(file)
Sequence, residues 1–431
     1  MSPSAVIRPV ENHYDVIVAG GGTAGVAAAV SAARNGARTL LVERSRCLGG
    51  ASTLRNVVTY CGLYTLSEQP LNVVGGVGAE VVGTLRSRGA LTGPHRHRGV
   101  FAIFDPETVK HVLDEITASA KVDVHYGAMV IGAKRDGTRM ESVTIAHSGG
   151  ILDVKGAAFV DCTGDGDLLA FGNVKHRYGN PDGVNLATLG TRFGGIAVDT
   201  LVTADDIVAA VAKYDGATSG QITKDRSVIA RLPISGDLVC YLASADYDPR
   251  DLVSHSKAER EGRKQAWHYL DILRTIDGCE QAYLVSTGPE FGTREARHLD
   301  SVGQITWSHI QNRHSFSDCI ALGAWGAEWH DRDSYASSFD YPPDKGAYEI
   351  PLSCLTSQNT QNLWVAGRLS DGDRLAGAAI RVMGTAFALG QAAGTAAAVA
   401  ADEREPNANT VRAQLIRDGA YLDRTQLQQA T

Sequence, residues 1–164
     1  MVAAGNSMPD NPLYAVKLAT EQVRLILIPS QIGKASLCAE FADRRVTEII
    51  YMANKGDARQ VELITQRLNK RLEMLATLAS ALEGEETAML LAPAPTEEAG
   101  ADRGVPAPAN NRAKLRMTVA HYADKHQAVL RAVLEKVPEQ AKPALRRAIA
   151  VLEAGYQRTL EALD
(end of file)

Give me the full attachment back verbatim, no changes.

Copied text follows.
Sequence, residues 1–431
     1  MSPSAVIRPV ENHYDVIVAG GGTAGVAAAV SAARNGARTL LVERSRCLGG
    51  ASTLRNVVTY CGLYTLSEQP LNVVGGVGAE VVGTLRSRGA LTGPHRHRGV
   101  FAIFDPETVK HVLDEITASA KVDVHYGAMV IGAKRDGTRM ESVTIAHSGG
   151  ILDVKGAAFV DCTGDGDLLA FGNVKHRYGN PDGVNLATLG TRFGGIAVDT
   201  LVTADDIVAA VAKYDGATSG QITKDRSVIA RLPISGDLVC YLASADYDPR
   251  DLVSHSKAER EGRKQAWHYL DILRTIDGCE QAYLVSTGPE FGTREARHLD
   301  SVGQITWSHI QNRHSFSDCI ALGAWGAEWH DRDSYASSFD YPPDKGAYEI
   351  PLSCLTSQNT QNLWVAGRLS DGDRLAGAAI RVMGTAFALG QAAGTAAAVA
   401  ADEREPNANT VRAQLIRDGA YLDRTQLQQA T

Sequence, residues 1–164
     1  MVAAGNSMPD NPLYAVKLAT EQVRLILIPS QIGKASLCAE FADRRVTEII
    51  YMANKGDARQ VELITQRLNK RLEMLATLAS ALEGEETAML LAPAPTEEAG
   101  ADRGVPAPAN NRAKLRMTVA HYADKHQAVL RAVLEKVPEQ AKPALRRAIA
   151  VLEAGYQRTL EALD